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The Marginal Product of Capital, Capital Flows and Convergence

  • Sirsha Chatterjee
  • Kanda Naknoi

The neoclassical theory of economic growth suggests that capital inflows raise the speed of convergence because foreign financial capital is transformed into physical capital. We propose a new methodology to quantify the size of capital inflows which are transformed into physical capital. We use the predicted scale to calculate the output gains from capital flows. Our methodology takes into account cross-country differences and fluctuations in the price of investment goods relative to output. The theory predicts that inefficiency in producing investment goods reduces the gains from capital inflows. A sizable fraction of capital inflows is found to be transformed into physical capital in only a few countries. However, the gains are found to be extremely small.

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Paper provided by Purdue University, Department of Economics in its series Purdue University Economics Working Papers with number 1202.

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Length: 30 pages
Date of creation: Jul 2007
Date of revision:
Handle: RePEc:pur:prukra:1202
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Web page: http://www.krannert.purdue.edu/programs/phd
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  1. Laura Alfaro & Sebnem Kalemli-Ozcan & Vadym Volosovych, 2005. "Why Doesn't Capital Flow from Rich to Poor Countries? An Empirical Investigation," NBER Working Papers 11901, National Bureau of Economic Research, Inc.
  2. Pablo A. Neumeyer & Fabrizio Perri, 2004. "Business cycles in emerging economies: the role of interest rates," Staff Report 335, Federal Reserve Bank of Minneapolis.
  3. Geert Bekaert & Campbell R. Harvey, 1997. "Foreign Speculators and Emerging Equity Markets," William Davidson Institute Working Papers Series 79, William Davidson Institute at the University of Michigan.
  4. Francesco Caselli, 2007. "The Marginal Product of Capital," The Quarterly Journal of Economics, MIT Press, vol. 122(2), pages 535-568, 05.
  5. Henry, Peter B., 2003. "Capital Account Liberalization, The Cost of Capital, and Economic Growth," Research Papers 1778, Stanford University, Graduate School of Business.
  6. Gourinchas, Pierre-Olivier & Rey, Hélène, 2005. "From World Banker to World Venture Capitalist: US External Adjustment and The Exorbitant Privilege," CEPR Discussion Papers 5220, C.E.P.R. Discussion Papers.
  7. Alfaro, Laura & Hammel, Eliza, 2007. "Capital flows and capital goods," Journal of International Economics, Elsevier, vol. 72(1), pages 128-150, May.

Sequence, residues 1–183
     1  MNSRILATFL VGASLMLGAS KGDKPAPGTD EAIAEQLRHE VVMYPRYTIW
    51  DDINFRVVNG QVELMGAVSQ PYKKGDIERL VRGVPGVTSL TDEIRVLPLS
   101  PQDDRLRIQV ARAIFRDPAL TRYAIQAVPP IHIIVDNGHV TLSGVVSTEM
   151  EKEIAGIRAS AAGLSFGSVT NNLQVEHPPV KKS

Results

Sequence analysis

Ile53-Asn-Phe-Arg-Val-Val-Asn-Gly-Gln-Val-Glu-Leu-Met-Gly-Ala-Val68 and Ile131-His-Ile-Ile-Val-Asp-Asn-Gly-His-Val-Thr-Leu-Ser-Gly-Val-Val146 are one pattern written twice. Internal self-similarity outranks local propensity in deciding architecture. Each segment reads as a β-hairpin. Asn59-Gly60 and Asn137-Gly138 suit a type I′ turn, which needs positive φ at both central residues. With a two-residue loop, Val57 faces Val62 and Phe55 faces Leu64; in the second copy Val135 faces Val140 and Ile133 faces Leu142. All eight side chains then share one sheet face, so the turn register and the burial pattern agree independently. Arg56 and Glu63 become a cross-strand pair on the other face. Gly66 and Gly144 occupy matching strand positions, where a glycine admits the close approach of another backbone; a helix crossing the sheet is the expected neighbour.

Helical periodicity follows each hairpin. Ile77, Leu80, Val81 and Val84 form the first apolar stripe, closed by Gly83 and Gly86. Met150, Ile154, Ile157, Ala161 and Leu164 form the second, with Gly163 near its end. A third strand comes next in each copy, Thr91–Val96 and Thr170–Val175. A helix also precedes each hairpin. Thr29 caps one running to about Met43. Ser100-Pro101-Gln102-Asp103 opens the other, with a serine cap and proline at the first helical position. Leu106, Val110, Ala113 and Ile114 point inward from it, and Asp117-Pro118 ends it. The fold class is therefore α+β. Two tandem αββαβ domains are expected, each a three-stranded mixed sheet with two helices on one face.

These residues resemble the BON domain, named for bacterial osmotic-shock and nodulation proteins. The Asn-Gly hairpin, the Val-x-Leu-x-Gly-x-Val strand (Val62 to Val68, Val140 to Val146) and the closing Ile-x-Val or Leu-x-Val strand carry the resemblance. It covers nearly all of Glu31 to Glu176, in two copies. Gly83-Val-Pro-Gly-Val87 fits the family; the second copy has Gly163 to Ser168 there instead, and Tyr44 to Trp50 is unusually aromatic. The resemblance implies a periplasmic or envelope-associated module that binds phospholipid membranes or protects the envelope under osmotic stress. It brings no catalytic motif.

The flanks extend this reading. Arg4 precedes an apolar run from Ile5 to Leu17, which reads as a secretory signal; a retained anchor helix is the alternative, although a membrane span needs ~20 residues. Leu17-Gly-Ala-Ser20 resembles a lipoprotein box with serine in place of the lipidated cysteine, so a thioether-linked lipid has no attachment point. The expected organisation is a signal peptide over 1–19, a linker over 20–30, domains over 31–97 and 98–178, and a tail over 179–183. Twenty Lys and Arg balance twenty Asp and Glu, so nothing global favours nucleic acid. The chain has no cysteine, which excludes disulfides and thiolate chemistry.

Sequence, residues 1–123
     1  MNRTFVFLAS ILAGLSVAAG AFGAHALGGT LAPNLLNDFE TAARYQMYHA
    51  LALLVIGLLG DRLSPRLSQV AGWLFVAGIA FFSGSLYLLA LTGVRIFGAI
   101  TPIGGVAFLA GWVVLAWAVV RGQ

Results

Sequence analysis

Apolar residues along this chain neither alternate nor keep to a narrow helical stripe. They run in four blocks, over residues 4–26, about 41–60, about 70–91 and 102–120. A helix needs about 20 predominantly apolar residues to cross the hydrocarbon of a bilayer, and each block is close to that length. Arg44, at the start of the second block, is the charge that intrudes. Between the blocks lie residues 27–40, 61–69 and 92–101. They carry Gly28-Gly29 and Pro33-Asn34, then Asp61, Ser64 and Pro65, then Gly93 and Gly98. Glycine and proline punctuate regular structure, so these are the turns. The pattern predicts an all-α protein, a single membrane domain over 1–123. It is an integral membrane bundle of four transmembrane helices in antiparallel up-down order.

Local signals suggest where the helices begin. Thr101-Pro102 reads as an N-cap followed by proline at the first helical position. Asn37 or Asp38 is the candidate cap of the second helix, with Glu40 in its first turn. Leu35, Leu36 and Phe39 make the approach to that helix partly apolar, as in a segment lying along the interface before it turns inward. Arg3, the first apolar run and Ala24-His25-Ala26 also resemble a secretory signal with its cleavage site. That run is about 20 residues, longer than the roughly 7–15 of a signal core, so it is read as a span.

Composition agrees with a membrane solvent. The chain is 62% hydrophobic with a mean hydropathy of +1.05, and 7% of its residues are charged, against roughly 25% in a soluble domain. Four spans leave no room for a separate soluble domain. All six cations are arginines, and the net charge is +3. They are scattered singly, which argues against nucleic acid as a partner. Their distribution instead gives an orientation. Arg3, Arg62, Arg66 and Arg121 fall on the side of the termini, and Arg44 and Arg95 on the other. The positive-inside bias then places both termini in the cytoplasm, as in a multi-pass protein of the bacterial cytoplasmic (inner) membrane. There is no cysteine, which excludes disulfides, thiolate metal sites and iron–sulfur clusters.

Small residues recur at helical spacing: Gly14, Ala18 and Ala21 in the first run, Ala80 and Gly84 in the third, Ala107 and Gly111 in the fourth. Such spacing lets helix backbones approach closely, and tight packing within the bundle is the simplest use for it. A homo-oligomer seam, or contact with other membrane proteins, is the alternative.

8. Stephanie E. Curcuru & Tomas Dvorak & Francis E. Warnock, 2007. "The stability of large external imbalances: the role of returns differentials," International Finance Discussion Papers 894, Board of Governors of the Federal Reserve System (U.S.).
  9. Chang-Tai Hsieh & Peter J. Klenow, 2003. "Relative prices and relative prosperity," Proceedings, Federal Reserve Bank of San Francisco, issue Nov.
  10. Pierre-Olivier Gourinchas & Olivier Jeanne, 2003. "The Elusive Gains from International Financial Integration," NBER Working Papers 9684, National Bureau of Economic Research, Inc.
  11. Peter Blair Henry, 2000. "Stock Market Liberalization, Economic Reform, and Emerging Market Equity Prices," Journal of Finance, American Finance Association, vol. 55(2), pages 529-564, 04.
  12. Douglas Gollin, 2001. "Getting Income Shares Right," Department of Economics Working Papers 2001-11, Department of Economics, Williams College.
  13. Jones, Charles I., 1994. "Economic growth and the relative price of capital," Journal of Monetary Economics, Elsevier, vol. 34(3), pages 359-382, December.
  14. Stefano Athanasoulis & Eric van Wincoop, 1997. "Growth uncertainty and risksharing," Staff Reports 30, Federal Reserve Bank of New York.
  15. Stephanie E. Curcuru & Tomas Dvorak & Francis E. Warnock, 2007. "The Stability of Large External Imbalances: The Role of Returns Differentials," NBER Working Papers 13074, National Bureau of Economic Research, Inc.
  16. Fischer, S. & Cooper, R.N. & Dornbusch, R. & Garber, P.M. & Massad, C. & Polak, J.J. & Rodrik, D. & Tarapore, S.S., 1998. "Should the IMF Pursue Capital-Account Convertibility?," Princeton Essays in International Economics 207, International Economics Section, Departement of Economics Princeton University,.
  17. Lucas, Robert E, Jr, 1990. "Why Doesn't Capital Flow from Rich to Poor Countries?," American Economic Review, American Economic Association, vol. 80(2), pages 92-96, May.
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